Positive News was established in 1993 with an aim to report on inspirational issues and examine society’s challenges through a lens of progress and possibility. Originally printed as a newspaper, it was distributed for free and by volunteers. Now, it’s yet another example of an editorial venture that has decided to create its own independent magazine: it’s moved away from classic newsprint to a glossy, thick, paper-y format that looks at home alongside titles like Delayed Gratification, GOOD and Makeshift.
The change – initially funded by a recent crowd funding campaign – makes sense considering the publication’s raison-d’être. Its previous format did not especially reflect the point of view of the journalism – its emphasis on slowness and craft – as newspaper is so disposable.
‘Newspaper is more throwaway,’ agrees editor Sean Dagan Wood. ‘And it’s less about how something is presented. We wanted to do justice to our journalism and vision of our organization, and to create something with content that’s got deeper value.’ Medium and message now cohere.
Inspired by titles like Delayed Gratification, but also more lifestyle-focused publications such as Sidetracked, the Positive News team wanted to create something that combined the quality of journalism found in current affairs magazines and broadsheets such as The Guardian, with that same quality of design and packaging as found in independents.
‘We decided to work with Studio Blackburn on the design because they understood the values at the heart of Positive News, and they saw how to turn them most clearly into a visual identity,’ says Sean. The logotype and brand had to embody positive values and it had to hint to their focus on the future – the arrow shape within the capital ‘P’, which suggests moving forward and purpose, was one of the studio’s responses. Its idea was to also give the reader a sense of a light being switched on, and that’s why the studio designed two table-lamp symbols for the logo.
A second important reason why Positive News has shifted into the independent magazine market is to make its editorial output more financially viable. It’s one of the first global media companies find investment through crowd funding, and it’s also one of the first publications to be owned entirely by its readers. As Positive News is a co-operative, in doing a print magazine, Sean and his team saw the chance to ‘give back to our community.’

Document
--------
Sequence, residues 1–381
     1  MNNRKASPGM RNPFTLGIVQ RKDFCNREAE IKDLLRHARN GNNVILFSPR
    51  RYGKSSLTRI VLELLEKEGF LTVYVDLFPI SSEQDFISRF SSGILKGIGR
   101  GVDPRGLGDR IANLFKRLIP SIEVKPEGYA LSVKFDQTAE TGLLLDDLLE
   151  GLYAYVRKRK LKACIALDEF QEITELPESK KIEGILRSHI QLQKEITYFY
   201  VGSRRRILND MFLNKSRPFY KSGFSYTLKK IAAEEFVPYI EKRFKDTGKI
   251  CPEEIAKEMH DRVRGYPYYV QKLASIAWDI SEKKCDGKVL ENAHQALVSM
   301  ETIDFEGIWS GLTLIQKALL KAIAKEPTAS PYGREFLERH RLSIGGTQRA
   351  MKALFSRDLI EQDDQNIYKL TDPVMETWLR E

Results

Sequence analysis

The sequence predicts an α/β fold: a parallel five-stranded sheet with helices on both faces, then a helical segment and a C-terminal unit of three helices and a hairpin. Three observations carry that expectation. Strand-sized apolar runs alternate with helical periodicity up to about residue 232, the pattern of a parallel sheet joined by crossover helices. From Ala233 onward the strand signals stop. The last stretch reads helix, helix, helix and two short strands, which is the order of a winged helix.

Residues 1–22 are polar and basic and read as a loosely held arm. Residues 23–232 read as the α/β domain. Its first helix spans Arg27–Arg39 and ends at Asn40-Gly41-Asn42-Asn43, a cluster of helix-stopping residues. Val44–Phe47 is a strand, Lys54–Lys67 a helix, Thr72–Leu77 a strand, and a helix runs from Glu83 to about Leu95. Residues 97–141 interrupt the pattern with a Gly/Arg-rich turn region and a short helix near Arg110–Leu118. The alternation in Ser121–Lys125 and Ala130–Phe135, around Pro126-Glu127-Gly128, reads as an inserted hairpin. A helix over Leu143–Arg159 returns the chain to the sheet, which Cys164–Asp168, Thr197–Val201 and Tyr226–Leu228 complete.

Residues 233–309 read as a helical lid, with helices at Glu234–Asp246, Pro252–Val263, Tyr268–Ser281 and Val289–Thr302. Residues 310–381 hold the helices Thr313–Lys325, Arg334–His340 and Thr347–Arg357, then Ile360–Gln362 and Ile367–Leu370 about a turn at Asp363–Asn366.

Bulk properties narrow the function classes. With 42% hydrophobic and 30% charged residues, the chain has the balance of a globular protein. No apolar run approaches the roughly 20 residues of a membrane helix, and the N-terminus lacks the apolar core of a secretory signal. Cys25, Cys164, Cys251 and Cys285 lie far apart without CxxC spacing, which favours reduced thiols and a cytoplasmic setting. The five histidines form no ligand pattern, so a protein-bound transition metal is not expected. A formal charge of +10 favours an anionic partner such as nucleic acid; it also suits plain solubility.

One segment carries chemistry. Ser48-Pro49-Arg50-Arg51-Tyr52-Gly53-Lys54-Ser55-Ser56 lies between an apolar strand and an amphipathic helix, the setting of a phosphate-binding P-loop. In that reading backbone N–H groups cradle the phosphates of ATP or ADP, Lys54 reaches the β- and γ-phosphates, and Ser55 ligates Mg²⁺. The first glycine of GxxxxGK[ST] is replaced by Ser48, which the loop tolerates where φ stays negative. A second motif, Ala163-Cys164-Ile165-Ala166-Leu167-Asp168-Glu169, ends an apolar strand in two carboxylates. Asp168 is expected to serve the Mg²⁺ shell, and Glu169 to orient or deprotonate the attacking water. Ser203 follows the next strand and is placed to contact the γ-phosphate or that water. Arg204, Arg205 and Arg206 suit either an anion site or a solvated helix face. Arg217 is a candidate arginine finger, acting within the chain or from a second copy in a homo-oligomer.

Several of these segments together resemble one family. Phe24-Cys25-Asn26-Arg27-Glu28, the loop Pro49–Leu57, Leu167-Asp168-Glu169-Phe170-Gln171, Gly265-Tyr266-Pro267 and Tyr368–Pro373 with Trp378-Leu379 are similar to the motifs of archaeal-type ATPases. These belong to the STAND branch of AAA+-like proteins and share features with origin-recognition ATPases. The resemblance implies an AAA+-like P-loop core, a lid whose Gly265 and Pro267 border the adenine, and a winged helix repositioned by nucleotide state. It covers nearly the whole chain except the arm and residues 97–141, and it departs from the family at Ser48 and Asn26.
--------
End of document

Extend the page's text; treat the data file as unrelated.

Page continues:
The magazine marks the beginning of a new business model for the company: to complement the new quarterly publication, Positive News are also focusing attention into the online platform, and are currently applying for funding to develop the new site. ‘As we’re co-op owned, we want to create new ways to engage our readers online,’ says Sean, hinting to the possibility of a platform that allows its community influence over content while still protecting the expertise of the editorial team.
‘We’ve always wanted to break down assumptions about what news should be and what it should look like,’ explains Sean, asserting that this new move into magazine making is another way to question and reassess the status quo of news reporting in a very changing time. ‘With all the changes that have happened in journalism, we want to ask, what is the point of it? We want to come back to purpose. To create something that inspires and empowers.’ Positive News decided that a carefully produced magazine format – especially with beautiful design –physically evokes those notions and ideals and can fit into the contemporary world.